Resurrection is the strangest and least effective season finale Alias ever delivers, existing as a visible consequence of how the latter half of Season Three has been structured.
Ostensibly, it has all of the accoutrements you might expect from a finale of television for a cult, genre network show. In the opening five minutes, the CIA Rotunda—our base for the last two seasons—is attacked and partially destroyed, if not as comprehensively as their future operations centre APO in Reprisal. Our villains hit the nerve centre of our characters world, attacking the very institution they represent, and almost murdering Marshall, a character so beloved and sweet, any kind of violence towards him can only be described as pure evil. The episode then focuses on resolving the central emotional and physical conflict at the heart of the season – Lauren’s betrayal of Vaughn, and where Sydney sits as the woman in the very middle of it.
The reason Resurrection is vastly less successful than either Almost Thirty Years or The Telling is that it fails, unlike those episodes, to balance such personal drama with a broader escalation of the mythology, and simply descends into a rather aimless mire of grim violence and retribution than leans more toward a 1970s Michael Winner revenge fantasy picture than anything Alias would normally produce. Almost Thirty Years brought the burgeoning mythology full circle and provided Syd with the prospect of losing Vaughn. The Telling brought the Rambaldi hunt to a crescendo and then devoted a final act to a deeply satisfying, thrilling and cathartic battle between Syd and the woman who had killed and doubled her best friend.
Resurrection sees the Rambaldi story peter out, parked for a future season, before the episode dives headfirst into a dark, bitter, aimless climax topped off with a twist that, even before what comes next, makes very little sense.
The end of Legacy did not directly lead into Resurrection in the manner previous penultimate season episodes did.
Rendezvous provided a climactic shocker of Sark shooting Will, while Second Double had him on the run and was produced to work in many respects alongside The Telling as one ninety minute piece, given they both aired on the same night (despite different episode titles). Legacy ends with suggesting elements to come – Vaughn going after Lauren under the radar, Jack sleeping with Katya (even though nothing more really comes of this) and Nadia in custody. Yet there is no direct pull into the final episode of the season, which allows Resurrection to begin with Lauren, posing as Syd, to attack the Rotunda first in an attempt to steal the Rambaldi equation but ultimately to blow it half to pieces. It reaffirms she and Sark’s villainous credentials while launching the episode with a bang.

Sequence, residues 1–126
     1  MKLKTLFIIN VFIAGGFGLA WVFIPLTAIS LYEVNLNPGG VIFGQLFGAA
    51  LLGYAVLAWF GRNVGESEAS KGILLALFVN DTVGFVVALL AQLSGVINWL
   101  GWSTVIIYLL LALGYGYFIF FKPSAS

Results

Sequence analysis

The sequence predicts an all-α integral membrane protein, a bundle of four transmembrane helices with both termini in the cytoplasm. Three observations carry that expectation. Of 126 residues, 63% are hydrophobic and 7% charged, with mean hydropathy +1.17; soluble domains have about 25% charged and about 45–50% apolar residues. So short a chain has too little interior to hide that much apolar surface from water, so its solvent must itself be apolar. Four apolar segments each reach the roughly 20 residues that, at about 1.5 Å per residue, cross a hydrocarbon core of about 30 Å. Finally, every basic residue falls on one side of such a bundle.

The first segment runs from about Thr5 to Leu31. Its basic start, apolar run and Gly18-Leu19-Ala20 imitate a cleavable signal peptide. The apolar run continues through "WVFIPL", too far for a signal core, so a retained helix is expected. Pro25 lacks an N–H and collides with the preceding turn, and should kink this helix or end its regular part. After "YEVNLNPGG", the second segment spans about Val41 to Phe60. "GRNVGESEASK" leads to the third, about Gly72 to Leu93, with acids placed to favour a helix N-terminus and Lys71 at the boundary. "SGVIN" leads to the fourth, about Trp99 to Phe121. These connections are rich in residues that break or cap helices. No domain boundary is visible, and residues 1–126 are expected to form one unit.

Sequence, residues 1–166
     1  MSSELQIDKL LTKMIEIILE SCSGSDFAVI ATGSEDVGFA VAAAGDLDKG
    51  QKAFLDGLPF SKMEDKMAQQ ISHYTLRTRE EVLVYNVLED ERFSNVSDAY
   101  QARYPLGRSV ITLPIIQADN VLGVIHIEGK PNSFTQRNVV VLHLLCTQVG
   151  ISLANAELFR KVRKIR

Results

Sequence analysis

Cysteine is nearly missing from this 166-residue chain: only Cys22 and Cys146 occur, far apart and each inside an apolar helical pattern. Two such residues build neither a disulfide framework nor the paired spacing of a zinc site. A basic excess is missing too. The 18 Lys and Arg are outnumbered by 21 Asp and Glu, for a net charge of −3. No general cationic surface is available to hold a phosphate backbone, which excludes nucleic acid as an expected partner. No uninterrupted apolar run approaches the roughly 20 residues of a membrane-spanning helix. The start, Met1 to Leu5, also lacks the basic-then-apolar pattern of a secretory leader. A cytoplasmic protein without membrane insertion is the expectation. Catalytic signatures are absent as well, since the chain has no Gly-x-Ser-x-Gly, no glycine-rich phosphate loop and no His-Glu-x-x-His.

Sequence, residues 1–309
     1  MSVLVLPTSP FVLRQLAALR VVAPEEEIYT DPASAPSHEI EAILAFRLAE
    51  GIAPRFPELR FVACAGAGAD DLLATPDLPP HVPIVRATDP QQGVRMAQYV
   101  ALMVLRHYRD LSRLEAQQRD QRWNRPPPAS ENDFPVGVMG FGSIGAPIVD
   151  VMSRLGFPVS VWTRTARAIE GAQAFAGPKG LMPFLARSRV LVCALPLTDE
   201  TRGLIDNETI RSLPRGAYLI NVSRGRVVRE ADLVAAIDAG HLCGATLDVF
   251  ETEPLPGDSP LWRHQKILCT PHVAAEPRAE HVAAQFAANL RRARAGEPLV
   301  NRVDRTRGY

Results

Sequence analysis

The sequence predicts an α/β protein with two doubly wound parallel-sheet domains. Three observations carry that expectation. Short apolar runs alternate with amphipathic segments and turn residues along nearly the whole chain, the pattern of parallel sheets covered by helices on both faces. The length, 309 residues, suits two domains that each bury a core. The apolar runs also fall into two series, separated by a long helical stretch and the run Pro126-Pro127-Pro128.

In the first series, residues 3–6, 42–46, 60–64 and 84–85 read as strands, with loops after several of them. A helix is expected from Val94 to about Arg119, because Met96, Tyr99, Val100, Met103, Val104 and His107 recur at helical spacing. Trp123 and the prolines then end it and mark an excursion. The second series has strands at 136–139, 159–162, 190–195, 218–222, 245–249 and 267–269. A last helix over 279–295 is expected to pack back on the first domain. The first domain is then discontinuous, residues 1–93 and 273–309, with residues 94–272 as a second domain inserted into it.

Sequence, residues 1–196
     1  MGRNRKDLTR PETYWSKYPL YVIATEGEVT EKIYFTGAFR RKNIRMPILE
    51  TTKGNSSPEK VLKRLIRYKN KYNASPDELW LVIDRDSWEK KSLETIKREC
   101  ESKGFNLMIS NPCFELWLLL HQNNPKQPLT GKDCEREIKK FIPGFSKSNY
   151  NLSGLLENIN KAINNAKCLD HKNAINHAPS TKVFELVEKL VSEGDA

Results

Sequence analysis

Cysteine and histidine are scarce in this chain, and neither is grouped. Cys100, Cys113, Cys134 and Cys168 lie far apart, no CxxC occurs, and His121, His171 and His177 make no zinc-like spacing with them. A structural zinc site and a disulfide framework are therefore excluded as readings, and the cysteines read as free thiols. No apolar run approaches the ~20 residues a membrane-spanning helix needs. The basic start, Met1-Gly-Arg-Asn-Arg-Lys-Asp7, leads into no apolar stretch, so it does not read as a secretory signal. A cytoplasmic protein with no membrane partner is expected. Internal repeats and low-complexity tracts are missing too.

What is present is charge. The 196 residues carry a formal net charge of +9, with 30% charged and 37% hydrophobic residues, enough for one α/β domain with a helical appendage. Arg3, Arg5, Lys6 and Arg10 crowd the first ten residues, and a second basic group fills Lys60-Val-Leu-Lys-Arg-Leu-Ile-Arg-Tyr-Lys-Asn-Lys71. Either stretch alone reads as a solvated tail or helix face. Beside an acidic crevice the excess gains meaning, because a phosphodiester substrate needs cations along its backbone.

We should talk about the mechanism for this: the masks.
Even for Alias, they stretch credulity, even if there is a precedent. Mission Impossible, a franchise that came to bear in 1996 through into 2000, and will later be continued by J.J. Abrams just two years after Resurrection airs, uses the latex mask as a recurring gimmick; particularly in Mission Impossible II, where the masks are used as super spy Ethan Hunt to infiltrate the Australian base of his evil counter part Sean Ambrose, using a voice modulator that allows him to duplicate exactly how the other person sounds. Alias steals this idea entirely for Resurrection, allowing for the fun gimmick of Jennifer Garner playing sinister while Melissa George provides the usual cheesy Lauren bad girl lines. It is, in many ways, the ultimate expression of Alias’ greatest fear.
Since the show began, Alias has been obsessed with doubling, doppelgängers and the adoption of alternate personas. It is part of the series’ very DNA, as Syd adopts a new alias, and Season Four will work to retain that essence once again. At the same time, the greatest fear of Alias as a series concerns the ‘enemy within’ manipulated by the external ‘Other’; the backstory of Irina, symbolising the Russian East, infiltrating Jack’s all-American Western values; SD-6, the wolves in sheep’s clothing, pretending to stand for Western values while in truth being a vast criminal organisation; Julia Thorne, Syd’s enforced alter-ego and dark id made animate; and now Lauren, repeating the Irina refrain, with the difference being she is no Russian agent but rather an Anglo-British agent corrupted by a faceless Other, an extremist terrorist/cultist organisation to attack American institutions. Lauren visibly looking like Syd takes this idea to an ultimate point.
It also ties into how Season Three has explored doubling. Season Two gave us a literal interpretation with Project Helix and Allison Doren, one step away from human cloning; the disposal and replacement of a person by an evil alternate, the ‘Mirror Universe’ version to steal a Star Trek parlance, who can corrupt and destroy the system from within without anyone knowing the truth. Season Three looks inward with Julia, as we saw in Conscious; Syd literally has to destroy the dark side of her subconscious, visualised in the image of Lauren (actually a neat bit of foreshadowing), in order to move on in her personal quest of learning the truth about Julia. Lauren then turning out to be that dark side, the supposedly supportive wife but a woman radicalised by extremists instead, transforms the doubling into something else. It becomes about the destruction of darkness.